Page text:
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How to repair a ceramic vase

Adding a unique decorative touch to wherever they're placed, vases come in a variety of shapes, sizes and materials, from simple glass pieces to polished and etched metal to the fragile beauty of porcelain and ceramic vases. The ease of working with ceramic makes the material a preferred medium for many artists, and ceramic vases often sport ornate physical and painted designs. Ceramic vases break easily if dropped or hit, but they can be repaired.

Examine the vase to determine the extent of the damage. Simple chips and cracks can be repaired with ceramic adhesive or cement, while larger or irregular damages may require using putty to aid in cosmetic repairs.

Sand both broken edges for any cracked or chipped sections. Be careful to keep the sandpaper on the broken edges and not the face. Clean away the sand with a sponge dampened with warm water, followed by a clean cloth.

Apply the ceramic cement or polyvinyl adhesive to one of the broken edges. Press the broken edges together for two minutes, and then scrape away any excess cement with a razor blade.

Secure masking tape over the crack or chip to hold the pieces in place. Leave the vase sitting in a position that reduces the stress on the damaged location as the cement dries. Let dry for at least three hours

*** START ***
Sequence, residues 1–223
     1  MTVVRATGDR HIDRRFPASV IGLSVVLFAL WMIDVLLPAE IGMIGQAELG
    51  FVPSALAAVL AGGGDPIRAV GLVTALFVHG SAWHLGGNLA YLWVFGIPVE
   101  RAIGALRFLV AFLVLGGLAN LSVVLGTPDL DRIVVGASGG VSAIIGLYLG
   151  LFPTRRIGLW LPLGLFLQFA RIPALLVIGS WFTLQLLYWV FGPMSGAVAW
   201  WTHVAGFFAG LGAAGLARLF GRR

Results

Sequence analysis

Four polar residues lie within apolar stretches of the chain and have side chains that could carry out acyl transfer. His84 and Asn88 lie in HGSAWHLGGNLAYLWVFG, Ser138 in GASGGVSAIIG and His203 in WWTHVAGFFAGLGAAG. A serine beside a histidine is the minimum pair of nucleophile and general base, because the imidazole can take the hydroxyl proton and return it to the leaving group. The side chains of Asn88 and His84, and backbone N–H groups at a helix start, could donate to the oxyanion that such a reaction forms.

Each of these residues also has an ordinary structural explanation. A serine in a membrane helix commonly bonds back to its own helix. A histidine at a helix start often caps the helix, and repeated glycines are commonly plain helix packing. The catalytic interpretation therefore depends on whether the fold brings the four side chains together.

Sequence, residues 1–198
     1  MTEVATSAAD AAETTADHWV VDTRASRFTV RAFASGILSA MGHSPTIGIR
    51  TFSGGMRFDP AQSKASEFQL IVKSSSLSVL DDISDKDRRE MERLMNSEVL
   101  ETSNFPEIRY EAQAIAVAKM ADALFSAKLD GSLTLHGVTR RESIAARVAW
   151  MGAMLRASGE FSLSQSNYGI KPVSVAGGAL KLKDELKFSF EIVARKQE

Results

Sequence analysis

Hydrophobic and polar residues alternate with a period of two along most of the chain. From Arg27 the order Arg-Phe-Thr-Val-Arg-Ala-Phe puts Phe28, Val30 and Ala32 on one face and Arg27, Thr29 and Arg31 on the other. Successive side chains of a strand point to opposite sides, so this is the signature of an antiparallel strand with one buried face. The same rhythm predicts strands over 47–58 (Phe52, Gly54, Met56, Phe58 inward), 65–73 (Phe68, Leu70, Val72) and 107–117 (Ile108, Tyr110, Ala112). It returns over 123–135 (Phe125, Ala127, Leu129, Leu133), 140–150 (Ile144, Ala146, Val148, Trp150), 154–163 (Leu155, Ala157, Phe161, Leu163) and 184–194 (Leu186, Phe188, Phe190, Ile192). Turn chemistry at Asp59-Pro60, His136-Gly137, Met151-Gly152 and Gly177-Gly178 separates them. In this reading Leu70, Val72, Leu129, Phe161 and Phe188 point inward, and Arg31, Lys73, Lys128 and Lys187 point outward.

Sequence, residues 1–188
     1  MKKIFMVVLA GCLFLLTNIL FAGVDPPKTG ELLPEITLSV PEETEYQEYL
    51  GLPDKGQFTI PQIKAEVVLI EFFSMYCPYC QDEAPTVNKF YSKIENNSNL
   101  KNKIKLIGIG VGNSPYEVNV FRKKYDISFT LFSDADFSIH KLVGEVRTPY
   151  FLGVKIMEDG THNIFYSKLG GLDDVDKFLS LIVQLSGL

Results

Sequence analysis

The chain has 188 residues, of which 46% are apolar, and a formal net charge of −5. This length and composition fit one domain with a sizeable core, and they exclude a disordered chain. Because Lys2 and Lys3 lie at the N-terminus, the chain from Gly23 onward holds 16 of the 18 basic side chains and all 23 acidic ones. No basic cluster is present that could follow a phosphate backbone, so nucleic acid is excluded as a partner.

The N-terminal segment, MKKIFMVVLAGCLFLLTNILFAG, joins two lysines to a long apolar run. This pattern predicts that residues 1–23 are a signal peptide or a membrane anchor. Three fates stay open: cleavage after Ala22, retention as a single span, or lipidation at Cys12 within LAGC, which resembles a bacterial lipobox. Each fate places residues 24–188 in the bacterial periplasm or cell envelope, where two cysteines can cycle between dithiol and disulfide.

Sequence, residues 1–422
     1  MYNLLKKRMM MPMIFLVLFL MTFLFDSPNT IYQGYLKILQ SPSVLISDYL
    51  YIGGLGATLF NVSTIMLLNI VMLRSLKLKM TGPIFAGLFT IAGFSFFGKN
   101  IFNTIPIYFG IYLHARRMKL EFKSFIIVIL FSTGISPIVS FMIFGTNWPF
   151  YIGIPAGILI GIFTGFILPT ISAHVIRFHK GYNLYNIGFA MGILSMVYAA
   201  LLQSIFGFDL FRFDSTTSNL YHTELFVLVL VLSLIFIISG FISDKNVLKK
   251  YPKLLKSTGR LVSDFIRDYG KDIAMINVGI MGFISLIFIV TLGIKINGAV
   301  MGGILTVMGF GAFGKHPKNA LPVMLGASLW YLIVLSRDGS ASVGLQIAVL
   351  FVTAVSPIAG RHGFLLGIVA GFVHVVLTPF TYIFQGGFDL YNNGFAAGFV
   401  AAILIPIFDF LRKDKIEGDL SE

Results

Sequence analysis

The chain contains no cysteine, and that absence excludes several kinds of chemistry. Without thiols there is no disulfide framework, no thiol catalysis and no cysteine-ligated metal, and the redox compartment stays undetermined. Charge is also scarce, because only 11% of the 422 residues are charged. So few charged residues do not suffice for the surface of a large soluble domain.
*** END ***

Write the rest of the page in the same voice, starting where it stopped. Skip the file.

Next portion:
Clean the edges of any area with a chunk of ceramic missing. Again, use a sponge dampened with warm water followed by a clean cloth.

Fill the missing chunk with wall putty. Smooth out the putty to match the contour of the vase. Allow the putty to dry completely.

Select a paint that closely matches the colour of the missing section. Paint the dried wall putty in a way that matches the design of the original missing section. Multiple coats may be needed to darken the colour of the paint.

Apply a clear sealant to the area after the paint has dried. Add putty and sealant to internal damages if the vase will hold water.

Things You'll Need

  • Fine-grit sandpaper
  • Sponge
  • Clean cloth
  • Polyvinyl adhesive or ceramic cement
  • Razor blade
  • Masking tape
  • Wall putty
  • Clay tools
  • Sealant
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About the Author

Brad Chacos started writing professionally in 2005, specializing in electronics and technology. His work has appeared in Salon.com, Gizmodo, "PC Gamer," "Maximum PC," CIO.com, DigitalTrends.com, "Wired," FoxNews.com, NBCNews.com and more. Chacos is a frequent contributor to "PCWorld," "Laptop Magazine" and the Intuit Small Business Blog.